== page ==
Sunday, August 29, 2010


Jena is only fifteen and shouldn’t have a care in the world, but she feels like the weight of the world is pressing on her shoulders. An unfortunate incident this past week left her feeling completely lost and now she is struggling to regain some semblance of herself.

Jena’s first crush rejected her. The two had been friends since forever but boyfriend wasn’t looking to make Jena his girl. So Jena moved on with a boy who gave her attention right up to the moment she gave him some. Her very private moment suddenly became fodder for high school twitterdom, the boy boasting about his conquest to everyone within a mile of a cell phone and keyboard. Surviving that humiliation was bad enough, but Jena did. Twitterdom soon found some other young girl to tear apart.

Last week Jena finally found the courage to come out from under the rock she calls a room to socialize with her peers. Heading to the movie theater, Jena wasn’t at all prepared for the barbs and catcalls her former friends blasted her with. Hearing that boy and his brat pack call her a “ho” and “slut”, chanting it over and over for everyone to poke fun at, brought her to tears. And no one, not even the crush who called her his friend, bothered to come to her defense.

For me, I had to wonder why her first crush didn’t say something, if only to tell that boy who got some that what he was doing wasn’t cool. Being one of the popular kids, he could have made a difference. That difference might have meant the world to Jena.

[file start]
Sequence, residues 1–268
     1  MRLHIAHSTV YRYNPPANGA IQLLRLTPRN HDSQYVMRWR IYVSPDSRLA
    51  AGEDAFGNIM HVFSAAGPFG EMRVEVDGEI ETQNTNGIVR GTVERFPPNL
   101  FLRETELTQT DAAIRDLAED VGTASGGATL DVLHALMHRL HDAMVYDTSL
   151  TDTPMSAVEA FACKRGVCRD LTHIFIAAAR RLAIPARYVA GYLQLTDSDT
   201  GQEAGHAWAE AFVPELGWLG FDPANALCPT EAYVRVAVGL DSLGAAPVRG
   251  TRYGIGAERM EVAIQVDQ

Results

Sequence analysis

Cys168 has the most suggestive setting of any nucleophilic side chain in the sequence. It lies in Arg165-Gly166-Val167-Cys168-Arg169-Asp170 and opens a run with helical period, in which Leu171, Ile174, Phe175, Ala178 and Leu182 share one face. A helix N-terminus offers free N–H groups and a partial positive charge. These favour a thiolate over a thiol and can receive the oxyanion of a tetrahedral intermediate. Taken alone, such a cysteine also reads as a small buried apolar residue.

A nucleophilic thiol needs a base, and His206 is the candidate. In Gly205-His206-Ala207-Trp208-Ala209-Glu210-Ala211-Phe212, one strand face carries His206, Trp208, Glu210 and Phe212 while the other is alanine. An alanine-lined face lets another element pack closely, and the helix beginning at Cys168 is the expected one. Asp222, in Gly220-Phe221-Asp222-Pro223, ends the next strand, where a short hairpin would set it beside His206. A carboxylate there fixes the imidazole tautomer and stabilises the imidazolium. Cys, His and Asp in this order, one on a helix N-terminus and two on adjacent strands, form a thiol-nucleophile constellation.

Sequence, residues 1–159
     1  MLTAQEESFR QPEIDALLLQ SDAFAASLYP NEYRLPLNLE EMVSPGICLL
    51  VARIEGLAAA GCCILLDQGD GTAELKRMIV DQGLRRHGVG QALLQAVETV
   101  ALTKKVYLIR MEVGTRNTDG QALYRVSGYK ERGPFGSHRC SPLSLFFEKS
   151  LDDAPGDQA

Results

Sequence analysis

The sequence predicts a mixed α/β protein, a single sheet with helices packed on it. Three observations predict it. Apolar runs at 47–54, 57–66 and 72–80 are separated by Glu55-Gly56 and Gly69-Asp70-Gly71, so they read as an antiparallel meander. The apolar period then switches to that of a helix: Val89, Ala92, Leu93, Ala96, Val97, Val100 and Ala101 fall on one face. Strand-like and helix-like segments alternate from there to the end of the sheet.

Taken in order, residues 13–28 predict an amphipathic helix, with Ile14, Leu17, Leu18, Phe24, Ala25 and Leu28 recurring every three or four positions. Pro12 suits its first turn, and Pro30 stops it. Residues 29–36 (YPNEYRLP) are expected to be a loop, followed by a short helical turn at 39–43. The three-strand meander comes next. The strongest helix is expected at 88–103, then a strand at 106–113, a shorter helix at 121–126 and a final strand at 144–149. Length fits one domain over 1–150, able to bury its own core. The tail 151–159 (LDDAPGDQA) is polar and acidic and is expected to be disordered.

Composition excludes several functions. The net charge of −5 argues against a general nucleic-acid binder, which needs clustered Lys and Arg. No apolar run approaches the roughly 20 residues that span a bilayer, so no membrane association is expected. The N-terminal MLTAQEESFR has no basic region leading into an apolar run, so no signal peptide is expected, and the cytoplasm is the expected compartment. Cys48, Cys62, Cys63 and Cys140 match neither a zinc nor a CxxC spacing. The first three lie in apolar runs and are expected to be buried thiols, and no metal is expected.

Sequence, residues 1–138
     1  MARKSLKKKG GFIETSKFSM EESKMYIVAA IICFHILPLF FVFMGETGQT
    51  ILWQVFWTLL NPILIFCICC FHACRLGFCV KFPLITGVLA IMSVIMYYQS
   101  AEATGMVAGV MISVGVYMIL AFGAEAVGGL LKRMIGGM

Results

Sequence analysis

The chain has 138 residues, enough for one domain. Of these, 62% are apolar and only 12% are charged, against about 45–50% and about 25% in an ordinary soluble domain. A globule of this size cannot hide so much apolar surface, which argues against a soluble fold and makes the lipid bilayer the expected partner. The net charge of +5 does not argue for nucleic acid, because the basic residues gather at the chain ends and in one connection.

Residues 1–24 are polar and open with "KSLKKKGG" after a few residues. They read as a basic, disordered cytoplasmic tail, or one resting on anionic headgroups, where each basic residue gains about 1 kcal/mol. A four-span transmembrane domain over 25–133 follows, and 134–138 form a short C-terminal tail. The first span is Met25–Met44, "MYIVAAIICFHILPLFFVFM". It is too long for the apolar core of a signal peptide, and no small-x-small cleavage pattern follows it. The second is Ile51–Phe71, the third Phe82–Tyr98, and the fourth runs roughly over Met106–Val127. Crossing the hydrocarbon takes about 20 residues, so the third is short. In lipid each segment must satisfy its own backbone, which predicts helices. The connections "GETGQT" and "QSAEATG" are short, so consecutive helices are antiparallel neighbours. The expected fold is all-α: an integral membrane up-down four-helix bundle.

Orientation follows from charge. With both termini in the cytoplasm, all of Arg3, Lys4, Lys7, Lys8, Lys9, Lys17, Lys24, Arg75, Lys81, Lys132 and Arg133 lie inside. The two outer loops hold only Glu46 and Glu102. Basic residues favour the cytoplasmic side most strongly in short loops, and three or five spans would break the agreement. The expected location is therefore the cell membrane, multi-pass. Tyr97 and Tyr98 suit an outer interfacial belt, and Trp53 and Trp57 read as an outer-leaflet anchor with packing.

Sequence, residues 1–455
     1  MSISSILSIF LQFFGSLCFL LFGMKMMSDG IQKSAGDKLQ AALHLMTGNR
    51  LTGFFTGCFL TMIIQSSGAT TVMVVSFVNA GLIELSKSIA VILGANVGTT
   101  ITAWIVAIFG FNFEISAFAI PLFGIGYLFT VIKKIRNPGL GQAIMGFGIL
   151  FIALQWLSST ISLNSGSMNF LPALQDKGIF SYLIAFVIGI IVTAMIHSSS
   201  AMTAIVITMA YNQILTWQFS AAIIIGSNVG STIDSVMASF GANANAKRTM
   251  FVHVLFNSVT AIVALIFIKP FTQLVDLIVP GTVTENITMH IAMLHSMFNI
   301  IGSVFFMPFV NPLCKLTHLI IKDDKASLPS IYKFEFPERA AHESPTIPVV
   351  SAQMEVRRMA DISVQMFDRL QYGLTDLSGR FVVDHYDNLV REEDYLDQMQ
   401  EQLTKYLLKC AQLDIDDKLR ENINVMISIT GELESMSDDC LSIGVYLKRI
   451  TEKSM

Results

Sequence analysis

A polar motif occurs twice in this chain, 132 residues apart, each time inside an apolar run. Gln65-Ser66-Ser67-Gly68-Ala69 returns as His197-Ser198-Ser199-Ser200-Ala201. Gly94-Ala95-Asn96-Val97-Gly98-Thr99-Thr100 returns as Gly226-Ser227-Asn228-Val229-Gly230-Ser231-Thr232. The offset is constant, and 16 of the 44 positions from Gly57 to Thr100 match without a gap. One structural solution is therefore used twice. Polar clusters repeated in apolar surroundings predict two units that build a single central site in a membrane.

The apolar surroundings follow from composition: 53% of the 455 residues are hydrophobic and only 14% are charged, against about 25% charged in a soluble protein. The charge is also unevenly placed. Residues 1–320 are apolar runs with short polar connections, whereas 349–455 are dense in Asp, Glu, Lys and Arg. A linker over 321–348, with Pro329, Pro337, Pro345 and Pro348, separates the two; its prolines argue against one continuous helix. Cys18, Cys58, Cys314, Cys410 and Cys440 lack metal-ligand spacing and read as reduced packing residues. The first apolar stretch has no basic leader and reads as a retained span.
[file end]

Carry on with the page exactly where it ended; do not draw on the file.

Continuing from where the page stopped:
A former acquaintance was fond of saying that a good run was better than a bad stand any day. It was his opinion that saying nothing was much better than putting one’s self at risk to point out the error of another’s ways. I didn’t whole-heartedly agree. Jena’s crush would seem to.

In sixth grade Beverly was the class bully. Most of the girls and many of the boys were scared to death of her. For whatever reasons I became the object of Bev’s dysfunction, the girl intent on making every day as miserable for me as she possibly could. The final straw came when Beverly ordered me ostracized, no one in our class allowed to talk, walk, or eat with me without her permission. When lunch time rolled around I was left sitting by myself, everyone else gathered around Bev. That first day was devastating. The second day my friend Liz returned to class after being out ill. When lunch time rolled around, Bev barked out her order. My friend Liz told her no and that day she and I sat together and shared our two lunches.

Liz telling Beverly no, that what she was doing was wrong, made a monumental difference, and meant the world to me.

Liz believed in taking a stand to right a wrong when she saw it. Liz didn’t believe in running. I found the magnitude of her convictions empowering. My friend Liz died in a tragic car crash when we were fifteen. I imagine that if she were still with us today, she'd be taking some mighty big stands on some pretty important issues.

I wish Jena had at least one great friend like Liz.

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